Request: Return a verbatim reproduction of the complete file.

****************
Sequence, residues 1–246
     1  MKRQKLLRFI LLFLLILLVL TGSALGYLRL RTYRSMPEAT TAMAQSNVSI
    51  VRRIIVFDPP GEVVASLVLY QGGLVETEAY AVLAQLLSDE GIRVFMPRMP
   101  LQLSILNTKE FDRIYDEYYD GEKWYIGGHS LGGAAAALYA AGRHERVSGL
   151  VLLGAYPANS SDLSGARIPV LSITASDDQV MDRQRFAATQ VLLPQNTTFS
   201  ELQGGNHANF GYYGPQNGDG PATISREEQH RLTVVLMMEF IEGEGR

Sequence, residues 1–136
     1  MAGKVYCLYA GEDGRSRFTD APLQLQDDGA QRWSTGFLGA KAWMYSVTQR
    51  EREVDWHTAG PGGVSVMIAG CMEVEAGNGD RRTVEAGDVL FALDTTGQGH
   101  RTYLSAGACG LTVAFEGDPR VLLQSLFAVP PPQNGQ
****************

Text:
Sequence, residues 1–246
     1  MKRQKLLRFI LLFLLILLVL TGSALGYLRL RTYRSMPEAT TAMAQSNVSI
    51  VRRIIVFDPP GEVVASLVLY QGGLVETEAY AVLAQLLSDE GIRVFMPRMP
   101  LQLSILNTKE FDRIYDEYYD GEKWYIGGHS LGGAAAALYA AGRHERVSGL
   151  VLLGAYPANS SDLSGARIPV LSITASDDQV MDRQRFAATQ VLLPQNTTFS
   201  ELQGGNHANF GYYGPQNGDG PATISREEQH RLTVVLMMEF IEGEGR

Sequence, residues 1–136
     1  MAGKVYCLYA GEDGRSRFTD APLQLQDDGA QRWSTGFLGA KAWMYSVTQR
    51  EREVDWHTAG PGGVSVMIAG CMEVEAGNGD RRTVEAGDVL FALDTTGQGH
   101  RTYLSAGACG LTVAFEGDPR VLLQSLFAVP PPQNGQ